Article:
During that time frame, measure everything you spent on sales and marketing: marketing and sales salaries, advertising, Facebook and PPC ads, and anything else you paid for in an effort to drum up business. Then, measure the number of new customers that spent money with you during that time.
Divide the first number by the second number; that’s your CPA.
Your CPA works in conjunction with another business metric, Lifetime Value (which we’ll talk about next) to tell you whether your business is sustainable in the long run.
5. Lifetime Value
The Lifetime Value, or LTV, of your customer is exactly what it sounds like. From the first to the last dollar a customer spends with you, how much are they worth? This might sound like it’s something that would be impossible to figure out, but it’s why keeping good records is so important. If you’ve been tracking and managing your customer base for many years, then it’s easy to see how much the average customer spends with you over time.
The lifetime value will be a dollar figure, like $1,000 or $10,000, but it means little on its own. The insight comes when you compare LTV to CPA. How much are you spending to gain a customer, and how much will they spend with you over time? Obviously, you want the difference to be positive.
$100 might sound like a lot to spend to get someone to come to your website or show up at your door, but it’s peanuts if they wind up spending $2,500 with you in the long run. That’s a lifetime ROI of 2400%!
On the other hand, if your average customer makes a one-time purchase of $50 and never comes back, $100 is way too much to spend to attract them. It’s not sustainable in the long run.
Finding a healthy CPA to LTV ratio is key to scaling. Once you’ve found a balance that works, growing your business is simply a matter of investing more capital into attracting new customers, who will pay you back exponentially over many years.
6. Website Traffic
The importance of your website traffic will vary based on the type of business you run. For example, if you sell a product online, your website traffic is a hugely important business metric. If you run a brick and mortar store and don’t sell online, it may be less important.
In any case, though, it’s something you need to monitor. The days of not worrying about your website traffic are long gone. Even if you don’t physically sell anything online, the internet is where people turn before they make a buying decision, from shoes to plumbers and everything in between, so it’s important to have a website that’s functional and attractive to visitors.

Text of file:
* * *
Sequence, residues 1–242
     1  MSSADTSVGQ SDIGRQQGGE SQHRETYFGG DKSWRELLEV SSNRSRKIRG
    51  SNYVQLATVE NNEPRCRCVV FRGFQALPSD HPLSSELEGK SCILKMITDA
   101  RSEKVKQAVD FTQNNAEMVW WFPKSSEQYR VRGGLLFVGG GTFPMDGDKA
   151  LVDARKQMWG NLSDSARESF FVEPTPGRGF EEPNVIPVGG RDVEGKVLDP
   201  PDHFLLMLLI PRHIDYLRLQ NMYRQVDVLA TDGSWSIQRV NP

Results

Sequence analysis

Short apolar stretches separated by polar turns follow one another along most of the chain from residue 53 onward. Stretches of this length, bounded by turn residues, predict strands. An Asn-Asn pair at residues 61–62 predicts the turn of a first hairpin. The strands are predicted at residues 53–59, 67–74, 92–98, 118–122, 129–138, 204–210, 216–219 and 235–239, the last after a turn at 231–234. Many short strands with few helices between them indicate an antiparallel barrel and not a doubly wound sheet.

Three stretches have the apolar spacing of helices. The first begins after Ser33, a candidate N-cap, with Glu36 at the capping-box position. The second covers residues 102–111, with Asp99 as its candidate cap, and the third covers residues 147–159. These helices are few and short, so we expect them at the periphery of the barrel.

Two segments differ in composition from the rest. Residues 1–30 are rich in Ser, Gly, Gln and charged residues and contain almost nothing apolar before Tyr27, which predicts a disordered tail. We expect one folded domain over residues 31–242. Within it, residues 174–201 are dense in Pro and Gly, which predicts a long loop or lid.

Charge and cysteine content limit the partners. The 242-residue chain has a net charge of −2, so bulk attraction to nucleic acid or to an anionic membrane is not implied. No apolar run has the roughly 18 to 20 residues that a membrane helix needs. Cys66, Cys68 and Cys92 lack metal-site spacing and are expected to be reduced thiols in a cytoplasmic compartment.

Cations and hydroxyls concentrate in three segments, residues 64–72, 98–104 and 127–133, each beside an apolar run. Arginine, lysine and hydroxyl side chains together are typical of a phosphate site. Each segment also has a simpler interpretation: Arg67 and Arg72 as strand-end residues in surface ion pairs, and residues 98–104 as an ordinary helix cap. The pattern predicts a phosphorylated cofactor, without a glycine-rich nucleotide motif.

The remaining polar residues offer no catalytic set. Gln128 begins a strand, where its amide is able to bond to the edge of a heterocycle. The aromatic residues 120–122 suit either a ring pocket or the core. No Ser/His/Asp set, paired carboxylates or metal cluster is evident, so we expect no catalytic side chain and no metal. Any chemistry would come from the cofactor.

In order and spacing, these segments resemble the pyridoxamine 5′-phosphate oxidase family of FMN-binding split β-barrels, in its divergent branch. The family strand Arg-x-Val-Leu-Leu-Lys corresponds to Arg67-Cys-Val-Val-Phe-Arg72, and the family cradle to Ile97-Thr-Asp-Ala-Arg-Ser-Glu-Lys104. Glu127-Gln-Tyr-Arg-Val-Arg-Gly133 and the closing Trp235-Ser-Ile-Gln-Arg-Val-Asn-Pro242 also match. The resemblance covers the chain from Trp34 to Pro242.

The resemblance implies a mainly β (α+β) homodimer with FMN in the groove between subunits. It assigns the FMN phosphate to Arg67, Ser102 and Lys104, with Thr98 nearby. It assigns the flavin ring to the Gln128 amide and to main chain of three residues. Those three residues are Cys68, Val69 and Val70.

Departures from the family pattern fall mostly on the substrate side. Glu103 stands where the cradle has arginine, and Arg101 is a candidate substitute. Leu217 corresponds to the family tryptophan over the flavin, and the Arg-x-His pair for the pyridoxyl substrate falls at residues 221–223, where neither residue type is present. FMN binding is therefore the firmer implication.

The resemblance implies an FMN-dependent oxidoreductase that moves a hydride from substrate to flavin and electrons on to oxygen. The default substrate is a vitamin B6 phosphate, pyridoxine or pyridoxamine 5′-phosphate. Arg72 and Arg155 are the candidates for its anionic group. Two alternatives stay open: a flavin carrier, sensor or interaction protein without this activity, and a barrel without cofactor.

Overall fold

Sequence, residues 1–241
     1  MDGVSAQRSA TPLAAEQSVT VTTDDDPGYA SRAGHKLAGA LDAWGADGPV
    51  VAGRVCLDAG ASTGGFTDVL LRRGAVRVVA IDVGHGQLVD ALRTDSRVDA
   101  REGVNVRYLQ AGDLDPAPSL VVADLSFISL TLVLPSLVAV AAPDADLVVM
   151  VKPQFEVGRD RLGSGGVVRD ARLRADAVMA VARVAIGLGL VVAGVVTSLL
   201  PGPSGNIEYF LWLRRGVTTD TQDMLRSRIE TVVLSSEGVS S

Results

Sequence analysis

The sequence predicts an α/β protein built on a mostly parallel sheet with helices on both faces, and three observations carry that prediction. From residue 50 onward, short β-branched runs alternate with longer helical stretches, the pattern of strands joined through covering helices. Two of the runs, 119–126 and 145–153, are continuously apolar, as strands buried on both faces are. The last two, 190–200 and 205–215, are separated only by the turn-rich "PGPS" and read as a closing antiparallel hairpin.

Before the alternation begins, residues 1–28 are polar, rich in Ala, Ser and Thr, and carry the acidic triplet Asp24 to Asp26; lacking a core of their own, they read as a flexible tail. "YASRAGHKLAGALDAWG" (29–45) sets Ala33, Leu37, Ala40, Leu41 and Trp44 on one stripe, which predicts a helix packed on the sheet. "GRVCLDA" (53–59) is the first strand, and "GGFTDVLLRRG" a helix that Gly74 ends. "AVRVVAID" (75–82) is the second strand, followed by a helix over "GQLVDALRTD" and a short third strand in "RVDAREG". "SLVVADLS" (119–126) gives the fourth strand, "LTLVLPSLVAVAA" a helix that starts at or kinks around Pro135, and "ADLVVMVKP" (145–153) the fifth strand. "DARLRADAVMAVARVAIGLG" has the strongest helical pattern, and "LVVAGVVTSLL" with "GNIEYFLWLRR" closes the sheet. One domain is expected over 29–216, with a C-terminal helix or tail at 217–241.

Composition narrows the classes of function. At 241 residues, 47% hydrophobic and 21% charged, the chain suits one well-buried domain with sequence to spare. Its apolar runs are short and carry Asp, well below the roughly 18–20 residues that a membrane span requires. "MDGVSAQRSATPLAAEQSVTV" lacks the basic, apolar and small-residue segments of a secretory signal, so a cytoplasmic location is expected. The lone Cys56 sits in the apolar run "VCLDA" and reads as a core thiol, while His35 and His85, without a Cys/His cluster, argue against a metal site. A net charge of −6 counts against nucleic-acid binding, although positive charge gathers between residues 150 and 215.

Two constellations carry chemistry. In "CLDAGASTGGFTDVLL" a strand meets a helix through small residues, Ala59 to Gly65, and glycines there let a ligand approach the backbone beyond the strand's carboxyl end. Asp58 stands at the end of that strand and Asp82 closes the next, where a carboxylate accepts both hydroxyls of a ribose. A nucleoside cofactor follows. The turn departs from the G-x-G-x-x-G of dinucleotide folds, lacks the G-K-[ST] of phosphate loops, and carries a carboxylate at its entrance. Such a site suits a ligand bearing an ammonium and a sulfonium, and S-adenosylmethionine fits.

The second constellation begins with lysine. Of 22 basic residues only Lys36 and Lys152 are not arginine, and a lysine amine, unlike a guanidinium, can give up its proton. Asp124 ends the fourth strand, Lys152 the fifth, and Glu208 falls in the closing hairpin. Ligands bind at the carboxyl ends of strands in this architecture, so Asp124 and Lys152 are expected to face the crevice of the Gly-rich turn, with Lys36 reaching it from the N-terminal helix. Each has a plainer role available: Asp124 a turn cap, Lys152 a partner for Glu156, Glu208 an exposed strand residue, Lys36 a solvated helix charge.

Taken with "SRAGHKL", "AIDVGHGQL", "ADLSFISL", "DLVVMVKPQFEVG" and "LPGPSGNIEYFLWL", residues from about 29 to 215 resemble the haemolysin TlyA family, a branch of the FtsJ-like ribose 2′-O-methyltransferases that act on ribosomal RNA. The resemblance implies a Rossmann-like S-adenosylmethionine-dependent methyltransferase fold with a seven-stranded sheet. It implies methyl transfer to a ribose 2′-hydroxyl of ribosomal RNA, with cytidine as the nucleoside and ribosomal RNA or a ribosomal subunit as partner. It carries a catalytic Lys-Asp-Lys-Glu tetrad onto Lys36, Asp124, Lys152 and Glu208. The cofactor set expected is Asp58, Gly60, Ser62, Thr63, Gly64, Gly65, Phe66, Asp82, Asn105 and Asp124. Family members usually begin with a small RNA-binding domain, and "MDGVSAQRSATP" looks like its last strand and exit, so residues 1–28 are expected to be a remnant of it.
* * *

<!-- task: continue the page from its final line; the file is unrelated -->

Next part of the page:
Keep an eye on your website traffic using a business tool like Google Analytics. Ideally, you want traffic to be increasing each month or at least remaining steady. If you notice a sudden downturn, you’ll want to take an audit of your website or work with a digital marketing professional to determine the reason.
7. Traffic to Leads
Of all the people who visit your website, how many of them turn into leads? We’re willing to bet your website has a contact us form or a phone number for visitors to call, at the very least. How many people take one of these actions after visiting your site? Your traffic to leads ratio is measured by dividing this number by the metric above, overall website traffic.
This business metric is important because it tells you a lot about the public perception of your business and the effectiveness of your website. If 5,000 people visit your website each month but you only get two phone calls from online visitors, there’s a huge problem. You’re letting countless sales slip right through your fingers! It might be an indication that your website is hard to navigate or that you’re not communicating your value clearly.
Traffic to leads is a number you want to consistently improve to make sure you’re getting the absolute maximum value from your website.
8. Leads to Customers
Finally, out of those leads that come into your system, how many of them turn into actual customers? This is an indicator of the effectiveness of your sales team and your marketing activities.
If you’re seeing a decent number of leads but a low conversion rate into customers, there’s room for improvement in your sales funnel. Once again, it’s about maximizing every potential revenue opportunity. If you’ve got a warm lead in your had that you’ve worked hard to attract, you want to convert them into a customer at the highest possible rate!
A Word About Metrics
When we talk about metrics, the first thing people always ask is “what’s a good number to strive for?” The thing is, all of the metrics we’ve talked about here will vary wildly based on industry, business size, business age, seasonal versus non-seasonal, and so many other factors.
It’s normal for a new business, for example, to have a lower cash flow than a business that’s been operating for a few years. Likewise, the CPA for a business that t-shirts is going to be much lower than a luxury car dealership.
It’s impossible to give a one-size-fits-all answer. One of the first things we do when you become an Ignite Spot client is to take an audit of your business metrics to get a profile of your overall financial health. Then, we work with you on a one-on-one basis to find areas for improvement.
Thinking of hiring us? Awesome! Watch our getting started videos to learn more about becoming an Ignite Spot customer and getting on the path to better financial health.